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Phishing is not a new sensation, as cyber hackers are using it since mid-1990s to gain access to confidential information. And with time phishing attacks are becoming complex and hard to detect. Cyber criminals are using deceptive tactics, emails, and websites to trick users into downloading infected attachments, clicking malicious links, or transmitting sensitive information.
Phishing emails are capable of masking as known people or brands. The aim of phishing emails is to trick recipient into believing that the message is from legitimate source. Everyone is on the target but by keeping few things in mind one stay protected because phishing emails are never perfect.
There are few things you can look for that will help you spot phishing mails and differentiate between the genuine one.
First step to spot a phishing email is to know what Phishing is?
What is Phishing?
In simple words it is an email sent to a recipient with the aim of making him perform a task. To make a false mail look legitimate bad guys can use social engineering techniques. They are most dangerous as they appear genuine to the recipient.
Why Cyber Criminals use Social Engineering Techniques?
Social networking sites are the easiest way of collecting user information from date of birth to employer details. Cybercriminals get access to all this information without tricking users or hacking a system. This collected data helps them to shortlist target and design social engineered phishing email that are hard to detect. These mails are designed with precision that even email filters does not detect them.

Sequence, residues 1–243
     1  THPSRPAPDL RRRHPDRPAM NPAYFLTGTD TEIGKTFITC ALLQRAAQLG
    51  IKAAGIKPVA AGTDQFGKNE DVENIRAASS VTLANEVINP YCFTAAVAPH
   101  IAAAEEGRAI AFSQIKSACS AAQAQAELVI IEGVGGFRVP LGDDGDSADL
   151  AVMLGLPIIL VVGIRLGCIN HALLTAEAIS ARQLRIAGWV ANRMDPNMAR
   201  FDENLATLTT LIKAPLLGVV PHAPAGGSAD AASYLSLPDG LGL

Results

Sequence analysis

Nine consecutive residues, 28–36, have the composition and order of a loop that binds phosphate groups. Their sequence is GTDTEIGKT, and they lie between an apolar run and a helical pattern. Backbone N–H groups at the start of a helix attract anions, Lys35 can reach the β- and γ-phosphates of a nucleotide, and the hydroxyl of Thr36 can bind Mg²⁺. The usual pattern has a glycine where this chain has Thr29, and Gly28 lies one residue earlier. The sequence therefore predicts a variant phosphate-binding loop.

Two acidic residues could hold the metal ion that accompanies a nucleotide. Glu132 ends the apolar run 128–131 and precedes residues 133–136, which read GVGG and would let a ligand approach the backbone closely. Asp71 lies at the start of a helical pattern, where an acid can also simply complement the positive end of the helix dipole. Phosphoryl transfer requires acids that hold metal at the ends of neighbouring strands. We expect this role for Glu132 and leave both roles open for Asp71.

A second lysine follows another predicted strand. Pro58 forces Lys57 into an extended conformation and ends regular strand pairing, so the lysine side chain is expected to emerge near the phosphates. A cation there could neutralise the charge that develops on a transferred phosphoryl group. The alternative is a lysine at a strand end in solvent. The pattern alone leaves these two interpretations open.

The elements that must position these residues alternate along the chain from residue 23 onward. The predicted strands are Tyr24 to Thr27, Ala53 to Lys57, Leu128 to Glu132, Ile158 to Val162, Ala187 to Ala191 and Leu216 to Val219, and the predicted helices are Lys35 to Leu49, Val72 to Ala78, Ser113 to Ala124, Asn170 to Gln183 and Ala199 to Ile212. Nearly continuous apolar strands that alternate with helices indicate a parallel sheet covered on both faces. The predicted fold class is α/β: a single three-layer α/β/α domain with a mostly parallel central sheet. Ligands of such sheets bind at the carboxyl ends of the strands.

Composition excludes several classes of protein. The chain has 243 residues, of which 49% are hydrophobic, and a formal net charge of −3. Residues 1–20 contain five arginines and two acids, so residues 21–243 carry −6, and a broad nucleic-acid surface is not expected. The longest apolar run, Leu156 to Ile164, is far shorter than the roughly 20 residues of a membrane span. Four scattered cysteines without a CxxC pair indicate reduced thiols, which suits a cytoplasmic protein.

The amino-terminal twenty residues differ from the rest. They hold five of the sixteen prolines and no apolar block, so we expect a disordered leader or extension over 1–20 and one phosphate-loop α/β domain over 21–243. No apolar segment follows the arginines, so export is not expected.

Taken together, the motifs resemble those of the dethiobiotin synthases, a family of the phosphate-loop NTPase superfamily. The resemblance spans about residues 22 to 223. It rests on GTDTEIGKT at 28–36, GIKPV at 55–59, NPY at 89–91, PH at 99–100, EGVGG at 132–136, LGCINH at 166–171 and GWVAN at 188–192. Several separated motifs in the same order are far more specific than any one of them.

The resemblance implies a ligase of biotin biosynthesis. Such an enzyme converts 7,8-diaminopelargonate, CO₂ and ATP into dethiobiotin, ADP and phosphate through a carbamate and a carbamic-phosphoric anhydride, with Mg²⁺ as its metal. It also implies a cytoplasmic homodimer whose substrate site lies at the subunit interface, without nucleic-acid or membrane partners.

But still by keeping certain tips in mind one can spot a phishing email as they have some common characteristics.
Here, we explain tips to identify phishing emails.
Tips to Identify Phishing Email
Phishing emails are one of the most common type of online threat. They are commonly created to trigger emotions like fear, anger, greed, curiosity, sympathy. Therefore, it is important to educate workforce about its common characteristics and the action to be taken when they encounter such a threat.
1. Emails asking for immediate action
If you receive any emails with negative and threatening consequence like loss of a job, important opportunity if immediate action is not taken, are often phishing emails. Cybercriminals use this approach to grab recipient’s attention and make them take quick action without even giving it a second thought or even cross checking the mail for legitimacy.
2. Emails ask you to verify personal details
If you receive an email that looks authentic but is requesting, you to verify personal information that your company or any legitimate organization would never ask for such as login credentials or banking details. Do not reply or click on any links that are present in the email.
However, if you suspect that it is a genuine mail, reach out to the contact in person and confirm. Avoid using communication method provided in the email.
3. Emails with spelling mistake and grammatical error